Brazil based collective duoUinverso is a collaboration between Nadiuska and Priscila Furtado. The name is a play on the Portuguese words that mean ‘the inverse’ and ‘the universe’. The pair are multidisciplinary designers with experience in editorial and graphic design, and their main output is illustrations and ceramics.
Born in Norwich, Connecticut in 1970, Carter is an internationally known painter, sculptor,
photographer and ﬁlmmaker based in New York. He studied at the Maryland Institute College of Art, earning a BFA degree in 1992. In 1994 he studied at The Skowhegan School of Painting
and Sculpture, and in 1997 received an MFA degree from the University of California, Davis.
Carter’s paintings and photo collages incorporate dissociate facial features, body parts, and landscape elements into cohesive satisfying wholes, however his use of color and connectivity keeps the primary focus on the act of articulation and on the component relations rather than on the complete combined effect.
Japanese sculptor Yoshitoshi Kanemaki carves life-size sculptures from wood, but with a twist of mortality and transience. The disturbing pieces hinge often hinge on grotesque as the combination of the bulging weight and density of wood heightens the certainty of death that looms over all his creations. Each piece, with sizes ranging from life-size to miniature, is first sketched directly onto a large section of camphor wood and then chiseled to match the absurd female form.
Cameroon based artist Boris Nzebo’s multilayered paintings and collages conjure the astounding visual complexity typical of the West African city. Entirely drawing his subject matter from urban culture in his hometown Douala, Nzebo invests his works with psycho geographical impulse: their primary subjects are the elaborate hairstyles of men and women, which he lays on city views as integral features of the architecture.
Nzebo’s stylized execution owes a lot to painted haircut signs found outside Cameroon’s barber shops. Appropriating the language of advertising he creates portraits taken from detailed studies of traditional African hairstyles, often elaborate, and combines them with informal snapshots of local neighborhoods, urban architecture and scenes from daily life. This symbiotic connection allows for a multiplicity of readings of the image, rendering levels of information in a sort of visual polyphony that rhythmically integrates humans and the space they inhabit.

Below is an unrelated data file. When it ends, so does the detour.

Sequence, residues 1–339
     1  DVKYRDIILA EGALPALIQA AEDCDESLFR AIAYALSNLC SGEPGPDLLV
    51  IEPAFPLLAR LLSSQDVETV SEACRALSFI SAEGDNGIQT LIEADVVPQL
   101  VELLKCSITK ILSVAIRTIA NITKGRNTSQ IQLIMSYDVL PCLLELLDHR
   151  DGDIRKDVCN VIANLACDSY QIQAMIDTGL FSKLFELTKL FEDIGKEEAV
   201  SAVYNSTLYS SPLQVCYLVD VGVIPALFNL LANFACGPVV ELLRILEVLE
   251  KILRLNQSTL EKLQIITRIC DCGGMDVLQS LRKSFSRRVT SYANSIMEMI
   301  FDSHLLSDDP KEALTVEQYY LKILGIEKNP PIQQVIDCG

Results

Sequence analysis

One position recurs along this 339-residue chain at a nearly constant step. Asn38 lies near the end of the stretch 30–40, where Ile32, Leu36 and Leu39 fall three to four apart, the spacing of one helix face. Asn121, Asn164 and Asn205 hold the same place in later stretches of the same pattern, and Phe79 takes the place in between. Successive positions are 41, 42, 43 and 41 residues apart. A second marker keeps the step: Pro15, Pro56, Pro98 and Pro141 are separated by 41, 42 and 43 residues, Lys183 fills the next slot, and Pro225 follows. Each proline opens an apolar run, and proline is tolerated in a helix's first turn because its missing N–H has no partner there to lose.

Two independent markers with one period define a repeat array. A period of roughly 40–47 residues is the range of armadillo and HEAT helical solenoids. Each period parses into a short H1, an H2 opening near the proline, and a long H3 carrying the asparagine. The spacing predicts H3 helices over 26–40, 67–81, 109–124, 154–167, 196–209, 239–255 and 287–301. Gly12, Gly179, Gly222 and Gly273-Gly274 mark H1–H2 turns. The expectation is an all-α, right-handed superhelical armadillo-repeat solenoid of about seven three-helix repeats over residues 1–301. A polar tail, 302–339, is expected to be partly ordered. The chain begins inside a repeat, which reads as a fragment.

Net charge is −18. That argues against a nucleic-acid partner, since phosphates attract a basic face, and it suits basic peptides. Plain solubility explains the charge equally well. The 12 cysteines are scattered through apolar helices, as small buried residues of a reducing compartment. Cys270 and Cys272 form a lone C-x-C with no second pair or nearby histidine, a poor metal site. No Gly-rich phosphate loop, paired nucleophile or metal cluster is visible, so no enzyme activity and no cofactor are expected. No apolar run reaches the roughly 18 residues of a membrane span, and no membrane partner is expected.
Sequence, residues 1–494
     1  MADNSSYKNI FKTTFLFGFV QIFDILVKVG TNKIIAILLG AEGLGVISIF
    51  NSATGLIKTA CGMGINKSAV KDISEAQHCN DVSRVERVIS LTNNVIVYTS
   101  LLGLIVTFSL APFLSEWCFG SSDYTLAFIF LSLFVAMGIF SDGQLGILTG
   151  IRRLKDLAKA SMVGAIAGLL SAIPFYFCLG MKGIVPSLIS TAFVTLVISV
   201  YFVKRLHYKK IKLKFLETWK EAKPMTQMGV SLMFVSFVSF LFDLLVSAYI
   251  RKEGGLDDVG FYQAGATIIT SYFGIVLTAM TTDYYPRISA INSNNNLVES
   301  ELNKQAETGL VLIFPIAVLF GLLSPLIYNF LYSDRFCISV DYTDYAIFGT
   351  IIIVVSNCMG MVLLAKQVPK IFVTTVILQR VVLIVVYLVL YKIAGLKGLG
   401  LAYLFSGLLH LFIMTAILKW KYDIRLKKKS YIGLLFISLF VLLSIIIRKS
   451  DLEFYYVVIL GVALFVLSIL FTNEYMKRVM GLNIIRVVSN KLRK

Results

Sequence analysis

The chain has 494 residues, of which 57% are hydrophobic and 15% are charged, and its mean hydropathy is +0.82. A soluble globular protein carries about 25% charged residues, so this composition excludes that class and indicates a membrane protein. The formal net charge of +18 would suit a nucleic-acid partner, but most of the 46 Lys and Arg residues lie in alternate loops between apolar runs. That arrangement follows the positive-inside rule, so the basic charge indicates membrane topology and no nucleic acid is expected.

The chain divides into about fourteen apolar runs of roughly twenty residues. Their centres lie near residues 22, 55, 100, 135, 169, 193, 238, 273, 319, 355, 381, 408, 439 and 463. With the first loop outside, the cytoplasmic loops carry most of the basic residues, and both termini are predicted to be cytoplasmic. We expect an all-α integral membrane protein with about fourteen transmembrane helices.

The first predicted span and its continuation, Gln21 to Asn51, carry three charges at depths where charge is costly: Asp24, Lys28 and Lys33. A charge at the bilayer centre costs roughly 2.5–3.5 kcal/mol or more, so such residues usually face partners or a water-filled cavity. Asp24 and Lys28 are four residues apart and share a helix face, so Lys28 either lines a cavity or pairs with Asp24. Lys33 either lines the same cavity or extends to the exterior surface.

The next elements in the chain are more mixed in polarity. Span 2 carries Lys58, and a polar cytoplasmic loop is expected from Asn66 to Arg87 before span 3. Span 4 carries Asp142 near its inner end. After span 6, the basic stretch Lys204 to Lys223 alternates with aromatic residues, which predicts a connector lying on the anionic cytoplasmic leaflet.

Mexico City based artist Francisco Esnayra is concerned with the emotional and revealing character of the face. He selects the features that most strongly depict the protagonist, thus carving a philosophical psychology and sculptural anthropology.
The sculptor penetrates deep within what’s human in the face and the mind. Through the creative process, Esnayra delves into himself- a self portrait in the mind and the face of each sculpture he molds. He incorporated in his figures the intellect and soul in histrionic fashion, hence the variety of facial gestures in his work.
Maryam Ashkanian, with the Sleeping Series collection, entrapped the world of dreams and subconscious sewing the dreamers’ faces, surprised in their inner expressions during the night, on soft pillows. She embroiders individuals deep in sleep onto the surface of her handmade pillows, matching the size of her subjects to the area one would physically occupy if they took a nap on her work.
The stitched sleepers lay sprawled in different configurations on the white background, some with their arms outstretched, whiles others hold them tucked into their bodies. These sculptures are a way to access the wide subject matter of dreams, a place where Ashkanian feels we can observe ourselves in one of the purest forms.
Madrid based Miguel Scheroff is a painter whose works range between reality and fiction. Using the technique of oil painting as his favorite, he presents large-scale works made with an incredible hyperrealism. He puts in contact painting with photography, although that it is not his intention, but he aims to critique the society within we live.
Singapore based Qixuan Lim makes unsettling yet adorable tiny sculptures. She graduated from the School of Art, Design and Media, NTU, majoring in Visual Communications in 2014. Her aesthetic sensibilities have been shaped by her love for fantasy stories, old curiosities, time-travel and her yearning for worlds natural and imagined.
Istambul, Turkey based Aykut Aydogdu’s work is purely digital, drawn or painted with a tablet in Adobe Photoshop. His work walks the fine line between surrealism daydream and surrealism nightmare.
Aydogdu’s work is stunning in both quality and subject matter. Portraying scenes like a woman’s head impaled by a rose, another woman engaging in a sensual kiss with a decapitated head, and a third atop a toilet seemingly “shitting roses,” the result is both comical, dark, and deeply alluring.